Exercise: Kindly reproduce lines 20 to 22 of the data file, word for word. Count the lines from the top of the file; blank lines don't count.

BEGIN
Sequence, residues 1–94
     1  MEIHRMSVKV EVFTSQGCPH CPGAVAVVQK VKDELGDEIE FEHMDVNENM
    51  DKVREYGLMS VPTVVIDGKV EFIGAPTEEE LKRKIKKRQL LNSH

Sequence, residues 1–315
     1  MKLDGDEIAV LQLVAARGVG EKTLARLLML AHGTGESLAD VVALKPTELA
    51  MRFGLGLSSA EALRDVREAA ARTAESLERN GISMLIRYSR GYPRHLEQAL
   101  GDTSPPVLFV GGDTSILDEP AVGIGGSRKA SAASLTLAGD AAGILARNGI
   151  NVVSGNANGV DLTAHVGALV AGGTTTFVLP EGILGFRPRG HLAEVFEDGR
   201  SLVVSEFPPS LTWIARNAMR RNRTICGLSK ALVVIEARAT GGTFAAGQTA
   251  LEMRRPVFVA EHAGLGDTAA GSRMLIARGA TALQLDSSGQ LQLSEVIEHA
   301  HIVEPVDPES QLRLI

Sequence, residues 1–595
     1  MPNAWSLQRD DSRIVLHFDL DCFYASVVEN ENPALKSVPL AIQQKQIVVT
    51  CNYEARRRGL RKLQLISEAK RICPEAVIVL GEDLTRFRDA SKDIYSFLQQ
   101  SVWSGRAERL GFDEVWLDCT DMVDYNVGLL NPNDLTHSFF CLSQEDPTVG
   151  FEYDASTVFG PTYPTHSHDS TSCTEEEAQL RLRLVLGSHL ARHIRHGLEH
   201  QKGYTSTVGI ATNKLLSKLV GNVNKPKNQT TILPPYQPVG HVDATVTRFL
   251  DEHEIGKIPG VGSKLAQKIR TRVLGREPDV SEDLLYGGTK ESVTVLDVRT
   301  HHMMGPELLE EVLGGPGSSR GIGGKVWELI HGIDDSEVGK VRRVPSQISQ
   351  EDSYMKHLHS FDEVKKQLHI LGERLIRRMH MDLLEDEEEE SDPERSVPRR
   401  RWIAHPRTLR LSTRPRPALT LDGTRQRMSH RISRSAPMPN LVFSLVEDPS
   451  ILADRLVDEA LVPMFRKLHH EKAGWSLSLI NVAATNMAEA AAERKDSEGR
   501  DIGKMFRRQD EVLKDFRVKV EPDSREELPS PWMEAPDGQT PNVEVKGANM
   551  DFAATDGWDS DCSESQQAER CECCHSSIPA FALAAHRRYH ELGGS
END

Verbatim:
   351  EDSYMKHLHS FDEVKKQLHI LGERLIRRMH MDLLEDEEEE SDPERSVPRR
   401  RWIAHPRTLR LSTRPRPALT LDGTRQRMSH RISRSAPMPN LVFSLVEDPS
   451  ILADRLVDEA LVPMFRKLHH EKAGWSLSLI NVAATNMAEA AAERKDSEGR